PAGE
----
But critics have pointed to inequities in the school's population, including a high percentage of non-Hispanic whites (65 percent, compared to 30 percent in the district) and, according to Notter, a relatively low percentage of students on free and reduced lunch programs.

Admission was based in part on a random lottery, with slots set aside for children transferring from Virginia Shuman Young Elementary school in Fort Lauderdale, another Montessori school.
Among those students were the children of Gottlieb and Hollywood Mayor Peter Bober. The school also gives preference to students enrolled in Montessori's pre-k programs, which cost $135 a week.

The grand jury report focused on the story behind the school's construction, steering clear of criticizing the school itself.

"…After 2006, Beachside became a particular board member's 'baby,'" the report states. "…It is well known to virtually all District employees that most, if not all, Board members have pet projects that it's best not to interfere with, no matter how wasteful or unjustifiable the project may appear to be."

Gottlieb challenged the report's characterization of her involvement.

"I did not 'meddle' in this project at all," she said. "The idea to build it was made before I was elected.''

She also said she was not responsible for making Beachside a K-8 school, a change from the original elementary school plan that necessitated delays and design changes and drove up the cost, according to the report.
Specific figures weren't given.

When the new school building wasn't ready for the start of the 2010-11 school year, the district housed the Beachside Montessori magnet program at nearby Bethune Elementary and Attucks Middle schools.

"That proved you could have moved a Montessori school into the existing facilities without having to construct a new building," said Cliff Germano, secretary of the North Central Hollywood Civic Association.

When the new school was conceived, the neighborhood schools were overcrowded.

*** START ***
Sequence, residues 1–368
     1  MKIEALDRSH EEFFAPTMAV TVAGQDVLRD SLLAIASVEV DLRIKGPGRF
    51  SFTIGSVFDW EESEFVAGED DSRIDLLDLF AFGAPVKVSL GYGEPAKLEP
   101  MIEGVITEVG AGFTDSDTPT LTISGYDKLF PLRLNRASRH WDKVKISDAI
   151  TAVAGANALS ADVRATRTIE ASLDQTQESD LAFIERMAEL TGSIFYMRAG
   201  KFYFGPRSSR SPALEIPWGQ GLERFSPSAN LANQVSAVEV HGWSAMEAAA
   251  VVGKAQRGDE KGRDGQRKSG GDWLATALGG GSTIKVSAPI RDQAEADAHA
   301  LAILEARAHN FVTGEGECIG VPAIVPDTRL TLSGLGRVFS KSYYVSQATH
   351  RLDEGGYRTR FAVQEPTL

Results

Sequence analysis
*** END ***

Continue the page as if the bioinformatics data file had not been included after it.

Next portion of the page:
"It was supposed to benefit the local community," Germano said. "But by the time the board got ready to build the school, enrollment had dropped. Now the nearest schools were under capacity. But the board decided they were going to build it anyway."

That was against the wishes of then-Deputy Superintendent Michael Garretson, who tried to have the plug pulled on the project in 2008 only to run afoul of Gottlieb, according to the report.
She "stated emphatically that the school would be built and it would be built with that contractor," the report states.

Gottlieb acknowledges continuing to support the school and Notter defended her role.
"She never did anything inappropriate to influence or advocate for any decision that was not in the best interest of the children in the district," he said.

Gottlieb said the district had already purchased the land, exercising eminent domain to buy and demolish homes and duplexes [at a cost of $6 million, according to the report]. In that light, it made sense to change the plan from a neighborhood school to a magnet that would draw students from the southern half of the county, she said.

With a son in Fort Lauderdale's Virginia Shuman Young Montessori school, Gottlieb was familiar with the program and committed to replicating it elsewhere in Broward. The new school seemed an ideal site, she said.

But critics said she stood to benefit personally because students from Shuman Young who lived south of Interstate 595 would be automatically accepted into Beachside Montessori. Gottlieb's family lives in Hollywood.

Beachside Parent Teacher Association President Stephanie Sardelli said she would have brought her children to any Montessori school, whether at a new building, out in the western part of the county, or at Bethune and Attucks.

"I was happy at Bethune and Attucks," she said. "I don't think it matters where the program is located. It's a terrific educational model that deserved to be duplicated."

Reader comments at:


Beachside Montessori Village 2230 Lincoln Street, Hollywood, FL 33020